https://nymag.com/intelligencer/article/michael-antons-flight-93-election-trump-coup.html?utm_source=tw

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Selection #2 – Author and retired New York Times lead book reviewer Michiko Kakutani interviews former president Barack Obama on the occasion of the publication of the first volume of his presidential memoirs, “A Promised Land” …

“Mr. Obama speaks slowly and thoughtfully but with the conversational ease that distinguishes his books, moving freely between the personal and the political, the anecdotal and the philosophical. Whether he’s talking about literature, recent political events or policies implemented by his administration, his observations, like his prose, are animated by an ability to connect social, cultural and historical dots, and a gift — honed during his years as a community organizer and professor of constitutional law — for lending complex ideas immediacy and context.”

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THE WEEKS AHEAD ~ Looking for progress on the coronavirus vaccine rollout and the ongoing Biden presidential transition, and hoping for an end at long last to the democracy-undermining tactics of Trump and his enablers seeking to overturn the results of the November election.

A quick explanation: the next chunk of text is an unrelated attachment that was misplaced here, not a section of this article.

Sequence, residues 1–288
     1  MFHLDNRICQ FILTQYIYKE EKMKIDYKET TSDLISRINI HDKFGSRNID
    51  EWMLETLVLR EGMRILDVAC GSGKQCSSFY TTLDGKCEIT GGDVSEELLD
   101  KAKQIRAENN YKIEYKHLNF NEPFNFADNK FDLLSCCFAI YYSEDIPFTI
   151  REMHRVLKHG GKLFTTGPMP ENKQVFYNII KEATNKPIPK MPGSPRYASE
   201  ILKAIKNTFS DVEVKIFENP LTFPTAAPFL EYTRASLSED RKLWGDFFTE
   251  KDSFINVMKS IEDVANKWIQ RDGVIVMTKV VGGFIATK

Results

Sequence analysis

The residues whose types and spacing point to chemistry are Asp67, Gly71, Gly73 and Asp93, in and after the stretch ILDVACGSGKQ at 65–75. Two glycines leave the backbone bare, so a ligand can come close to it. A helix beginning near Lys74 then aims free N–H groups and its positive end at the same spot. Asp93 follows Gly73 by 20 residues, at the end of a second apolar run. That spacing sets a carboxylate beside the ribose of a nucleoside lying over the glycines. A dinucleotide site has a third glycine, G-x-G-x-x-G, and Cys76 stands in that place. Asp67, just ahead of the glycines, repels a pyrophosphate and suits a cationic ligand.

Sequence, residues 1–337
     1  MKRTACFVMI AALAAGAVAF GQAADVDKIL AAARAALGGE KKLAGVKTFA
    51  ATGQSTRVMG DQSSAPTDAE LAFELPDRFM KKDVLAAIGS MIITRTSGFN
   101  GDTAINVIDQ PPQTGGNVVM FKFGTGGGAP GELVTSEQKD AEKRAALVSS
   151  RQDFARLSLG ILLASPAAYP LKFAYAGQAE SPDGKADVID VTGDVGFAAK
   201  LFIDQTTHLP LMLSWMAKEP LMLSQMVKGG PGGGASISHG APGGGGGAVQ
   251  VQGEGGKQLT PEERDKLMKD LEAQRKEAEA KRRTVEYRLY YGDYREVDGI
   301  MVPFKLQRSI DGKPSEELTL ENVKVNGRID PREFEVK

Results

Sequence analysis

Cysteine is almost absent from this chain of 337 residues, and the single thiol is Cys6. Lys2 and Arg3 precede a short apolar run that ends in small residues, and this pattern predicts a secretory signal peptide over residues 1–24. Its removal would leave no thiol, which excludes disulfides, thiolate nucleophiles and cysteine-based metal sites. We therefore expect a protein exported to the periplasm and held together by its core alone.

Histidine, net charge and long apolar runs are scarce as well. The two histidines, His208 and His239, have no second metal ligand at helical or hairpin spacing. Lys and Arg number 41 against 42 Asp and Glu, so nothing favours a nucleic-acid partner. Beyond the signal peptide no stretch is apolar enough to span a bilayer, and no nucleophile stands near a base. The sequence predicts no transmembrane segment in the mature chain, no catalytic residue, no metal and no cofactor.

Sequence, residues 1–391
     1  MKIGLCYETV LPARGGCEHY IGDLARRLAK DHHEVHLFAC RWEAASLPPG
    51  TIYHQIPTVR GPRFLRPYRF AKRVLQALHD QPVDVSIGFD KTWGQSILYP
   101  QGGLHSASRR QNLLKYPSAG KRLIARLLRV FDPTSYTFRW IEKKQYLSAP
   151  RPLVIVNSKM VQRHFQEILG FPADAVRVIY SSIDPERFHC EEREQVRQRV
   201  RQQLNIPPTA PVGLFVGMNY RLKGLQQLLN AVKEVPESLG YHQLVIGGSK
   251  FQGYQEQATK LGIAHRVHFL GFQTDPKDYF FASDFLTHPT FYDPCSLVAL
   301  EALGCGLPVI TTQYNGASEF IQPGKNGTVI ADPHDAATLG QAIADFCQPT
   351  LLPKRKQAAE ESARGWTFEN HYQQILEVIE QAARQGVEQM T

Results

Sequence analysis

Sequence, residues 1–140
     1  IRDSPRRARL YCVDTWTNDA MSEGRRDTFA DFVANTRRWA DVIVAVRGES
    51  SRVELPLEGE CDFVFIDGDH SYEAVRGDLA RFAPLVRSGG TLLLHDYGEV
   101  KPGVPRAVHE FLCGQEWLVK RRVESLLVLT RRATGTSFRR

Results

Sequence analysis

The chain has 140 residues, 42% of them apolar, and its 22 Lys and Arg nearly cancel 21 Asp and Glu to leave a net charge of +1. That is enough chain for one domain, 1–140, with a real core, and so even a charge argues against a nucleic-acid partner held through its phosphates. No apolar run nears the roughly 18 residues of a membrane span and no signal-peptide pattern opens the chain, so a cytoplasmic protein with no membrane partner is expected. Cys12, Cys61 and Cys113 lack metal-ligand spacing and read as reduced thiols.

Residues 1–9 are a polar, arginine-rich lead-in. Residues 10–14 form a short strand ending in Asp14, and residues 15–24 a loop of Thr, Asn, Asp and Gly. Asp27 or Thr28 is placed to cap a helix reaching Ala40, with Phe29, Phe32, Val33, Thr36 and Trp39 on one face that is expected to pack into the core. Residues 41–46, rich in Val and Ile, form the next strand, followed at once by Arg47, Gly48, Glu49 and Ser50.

Happy Holidays! Wishing you all in the year ahead good health and growing harmony, in your personal lives and in the world at large. 

Take good care of yourselves and stay well … Tom 

REMINDER ~ Current Comment will return with issue #14 on January 2nd, 2021. Until then, you can keep up with the articles I’m reading by following me at https://twitter.com/LiberalBuddhist.

Current Comment #10

A weekly recap of worthwhile political opinion and social commentary.

Vol 1, No 10 ……… November 21st, 2020

THE WEEK JUST PASSED ~ Another week of President-elect Biden continuing to be patient and presidential, and of the (hopefully) outgoing President Trump continuing to act puerile and pitifully. The world’s leaders are increasingly more welcoming of Biden, while the occupant of the White House is increasingly isolated and unsuccessful in his attempts to undo the election results. The daily drama of waiting for Trump to concede while worrying about what dangerous actions he may yet unleash in his bid to retain power has exerted unprecedented stress upon the country. What is normally a time of calm in the wake of the election contest just ended, and of peaceful transition from the outgoing administration to the incoming one, is instead a time of intense agitation and heightened polarization. As regards America’s four-years-long national nightmare, sadly it’s not over yet.

The two selections that follow each explore the prospects ahead in the next four years – the first a realistic assessment of what we must expect, the second an inspirational picture of what we might hope for.